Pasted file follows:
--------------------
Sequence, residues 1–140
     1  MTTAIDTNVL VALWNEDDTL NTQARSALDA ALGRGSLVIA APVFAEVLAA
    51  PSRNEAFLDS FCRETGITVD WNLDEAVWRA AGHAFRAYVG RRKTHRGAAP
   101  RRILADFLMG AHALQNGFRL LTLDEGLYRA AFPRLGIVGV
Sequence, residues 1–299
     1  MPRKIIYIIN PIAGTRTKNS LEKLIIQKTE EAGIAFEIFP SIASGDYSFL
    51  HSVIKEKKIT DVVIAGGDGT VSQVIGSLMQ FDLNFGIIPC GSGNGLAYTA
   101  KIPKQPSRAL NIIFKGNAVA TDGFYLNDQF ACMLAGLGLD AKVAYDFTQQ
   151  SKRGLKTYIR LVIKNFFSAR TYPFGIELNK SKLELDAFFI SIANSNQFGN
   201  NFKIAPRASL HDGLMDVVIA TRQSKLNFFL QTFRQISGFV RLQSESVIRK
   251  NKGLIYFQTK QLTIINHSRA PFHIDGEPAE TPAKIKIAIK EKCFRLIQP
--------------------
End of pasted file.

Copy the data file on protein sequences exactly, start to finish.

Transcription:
Sequence, residues 1–140
     1  MTTAIDTNVL VALWNEDDTL NTQARSALDA ALGRGSLVIA APVFAEVLAA
    51  PSRNEAFLDS FCRETGITVD WNLDEAVWRA AGHAFRAYVG RRKTHRGAAP
   101  RRILADFLMG AHALQNGFRL LTLDEGLYRA AFPRLGIVGV
Sequence, residues 1–299
     1  MPRKIIYIIN PIAGTRTKNS LEKLIIQKTE EAGIAFEIFP SIASGDYSFL
    51  HSVIKEKKIT DVVIAGGDGT VSQVIGSLMQ FDLNFGIIPC GSGNGLAYTA
   101  KIPKQPSRAL NIIFKGNAVA TDGFYLNDQF ACMLAGLGLD AKVAYDFTQQ
   151  SKRGLKTYIR LVIKNFFSAR TYPFGIELNK SKLELDAFFI SIANSNQFGN
   201  NFKIAPRASL HDGLMDVVIA TRQSKLNFFL QTFRQISGFV RLQSESVIRK
   251  NKGLIYFQTK QLTIINHSRA PFHIDGEPAE TPAKIKIAIK EKCFRLIQP